Iloilo Provincial Jail

The National Museum Western Visayas – Iloilo Provincial Jail, was one of the first American structures built in the Philippines.

The Iloilo Provincial Jail, also known as the Iloilo Rehabilitation Center (IRC) and Prison of Iloilo, was built in 1911 and was used as a jail until 2006. The more or less 860 square-meter building is located at the Iloilo Provincial Capitol Complex, Bonifacio Drive, City Proper, Iloilo City.

The National Museum of the Philippines (NMP) declared IRC an Important Cultural Property (ICP) on December 16, 2016 for its exceptional architectural, cultural and historical value. The jail was designed by Architect William Parsons, the then Consulting Architect of the Philippine Government working with the Bureau of Public Works and was in-charge of the designs of all public buildings and parks in the Philippine Islands. The original design followed the form-follows-function mantra of Modern architecture.

The jail was built during the term of former governor Ruperto Montinola, whose administration was marked by massive infrastructure projects including the 400-foot Forbes Bridge that connected Iloilo City to nearby Jaro and Lapaz, some 60 kilometers of roads and bridges in different Iloilo towns, and dredging of Iloilo River that made possible the entry and docking of big ships, renovation and expansion of the Provincial Capitol, which all significantly changed the economic and physical landscape of Iloilo.  A former provincial prosecutor, Montinola believed that inmates deserved a place conducive for reformation and humane treatment. Other persons who were instrumental in the building of the jail were W. W. Barclay (Provincial Treasurer), George J. Muni (Acting Treasurer), Cirilo Mapa (Third Board Member), and H. O. Leary (Constructor).

But as early as January 1903, General Martin Delgado, the first governor of Iloilo, brought to the attention of American Governor-General William H. Taft the need for a bigger jail to accommodate the growing number of prisoners in Iloilo. Delgado told the Philippine Commission that Iloilo needed a provincial jail with a proper hygienic condition and big enough to handle a bigger number of prisoners. During that time, the 175 prisoners of the Province were imprisoned in three (3) buildings because the provincial jail then located at the lower floor of the municipal building of Jaro (the one before the 1934 Jaro Municipal Hall) cannot accommodate them. Delgado even asked the Commission to grant the province a loan to build the said jail.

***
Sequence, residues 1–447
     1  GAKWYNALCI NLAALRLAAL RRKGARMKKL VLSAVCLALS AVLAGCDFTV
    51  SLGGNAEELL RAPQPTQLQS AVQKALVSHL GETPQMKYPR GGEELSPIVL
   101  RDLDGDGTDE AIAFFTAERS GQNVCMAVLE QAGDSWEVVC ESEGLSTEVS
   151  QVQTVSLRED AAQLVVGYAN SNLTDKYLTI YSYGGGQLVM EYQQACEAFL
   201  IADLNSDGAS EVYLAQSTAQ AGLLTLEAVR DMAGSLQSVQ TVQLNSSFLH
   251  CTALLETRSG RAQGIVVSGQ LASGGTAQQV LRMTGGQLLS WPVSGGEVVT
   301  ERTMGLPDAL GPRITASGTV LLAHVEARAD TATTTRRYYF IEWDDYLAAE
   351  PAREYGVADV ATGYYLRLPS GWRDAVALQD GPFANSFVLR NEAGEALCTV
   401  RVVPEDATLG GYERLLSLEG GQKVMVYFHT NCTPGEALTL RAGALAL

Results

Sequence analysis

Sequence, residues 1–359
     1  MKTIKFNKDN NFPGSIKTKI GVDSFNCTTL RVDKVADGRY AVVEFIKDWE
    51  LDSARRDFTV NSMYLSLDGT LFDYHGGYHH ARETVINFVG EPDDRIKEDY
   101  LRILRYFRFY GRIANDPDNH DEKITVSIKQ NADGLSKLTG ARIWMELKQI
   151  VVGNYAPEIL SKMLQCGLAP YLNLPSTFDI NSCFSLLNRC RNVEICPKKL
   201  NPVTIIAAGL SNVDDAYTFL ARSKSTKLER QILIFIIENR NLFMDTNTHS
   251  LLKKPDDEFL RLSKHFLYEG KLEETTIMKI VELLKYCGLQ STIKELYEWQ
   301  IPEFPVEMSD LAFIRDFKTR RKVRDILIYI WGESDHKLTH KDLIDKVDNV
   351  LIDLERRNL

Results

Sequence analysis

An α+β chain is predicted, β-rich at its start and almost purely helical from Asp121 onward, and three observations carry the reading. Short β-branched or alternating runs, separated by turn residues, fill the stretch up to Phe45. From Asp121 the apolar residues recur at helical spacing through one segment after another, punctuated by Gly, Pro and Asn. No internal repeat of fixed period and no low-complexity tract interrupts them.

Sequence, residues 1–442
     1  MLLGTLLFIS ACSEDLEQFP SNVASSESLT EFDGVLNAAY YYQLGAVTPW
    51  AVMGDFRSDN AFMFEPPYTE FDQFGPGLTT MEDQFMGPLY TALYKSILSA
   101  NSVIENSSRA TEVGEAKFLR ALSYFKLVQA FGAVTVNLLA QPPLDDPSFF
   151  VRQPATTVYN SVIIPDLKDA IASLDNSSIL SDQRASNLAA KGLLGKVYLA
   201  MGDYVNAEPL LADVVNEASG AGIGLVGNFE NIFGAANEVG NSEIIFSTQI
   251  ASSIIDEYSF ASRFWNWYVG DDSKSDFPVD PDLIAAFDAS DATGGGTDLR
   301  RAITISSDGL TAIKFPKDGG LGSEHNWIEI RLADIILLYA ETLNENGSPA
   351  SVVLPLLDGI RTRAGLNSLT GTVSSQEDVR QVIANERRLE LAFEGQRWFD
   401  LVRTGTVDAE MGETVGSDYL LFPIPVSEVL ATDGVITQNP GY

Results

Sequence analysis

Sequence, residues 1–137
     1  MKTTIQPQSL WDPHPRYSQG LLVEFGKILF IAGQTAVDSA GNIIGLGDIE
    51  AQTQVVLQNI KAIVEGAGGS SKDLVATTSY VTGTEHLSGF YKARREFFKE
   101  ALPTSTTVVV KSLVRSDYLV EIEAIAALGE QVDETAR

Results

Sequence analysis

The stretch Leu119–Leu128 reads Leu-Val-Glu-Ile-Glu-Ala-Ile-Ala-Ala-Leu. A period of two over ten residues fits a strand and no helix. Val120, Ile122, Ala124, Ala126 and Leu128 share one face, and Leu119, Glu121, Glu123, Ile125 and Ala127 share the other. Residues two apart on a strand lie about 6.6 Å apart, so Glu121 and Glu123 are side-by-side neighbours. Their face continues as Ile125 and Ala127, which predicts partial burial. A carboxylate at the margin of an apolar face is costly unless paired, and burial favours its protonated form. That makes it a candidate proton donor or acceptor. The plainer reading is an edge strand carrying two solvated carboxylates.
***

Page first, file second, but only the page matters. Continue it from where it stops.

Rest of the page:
During World War II, the Japanese used the jail as an internment camp for prisoners of war (POW). Since it was restored into prison after the war, there were many improvements made. Sunday mass was held at an improvised chapel and a cooperative for Prison Guards was organized. Inmates were taught cottage industries by the Social Welfare Administration.

Over the years, the number of inmates increased, thus, in 1984, an Annex Building for male inmates was constructed. On June 8, 1988, the Iloilo Provincial Jail was renamed Iloilo Rehabilitation Center through Sangguniang Panlalawigan ng Iloilo Resolution No. 61, Series of 1988. The renaming of the jail was in line with the government’s thrust of making jails a place of rehabilitation and transformation. Various programs related to rehabilitation and moral and spiritual upliftment of persons were implemented and the facility’s look was improved. A Women Cell was built outside the main prison for detention of women offenders.

Inmates engaged in livelihood projects like biraho weaving, and embroidery. Biraho, which is from a sugarcane plant, is a seasonal project dependent on the availability of sugarcane, and was made into religious images, ashtrays, house models, flower vases, etc.

While the jail is a striking edifice in the heart of the city, it was not considered a landmark in the past century because it bore the stigma attached to jails.

Instead of destroying the main building, former Iloilo Governor Arthur Defensor Sr. asked the NMP to fund its restoration for adaptive reuse and make it the regional museum of Western Visayas. The Province of Iloilo funded its retrofitting while NMP funded its restoration in 2015. Its retrofitting and restoration for adaptive reuse was designed by former United Architects of the Philippines president, the late Guillermo Hisancha.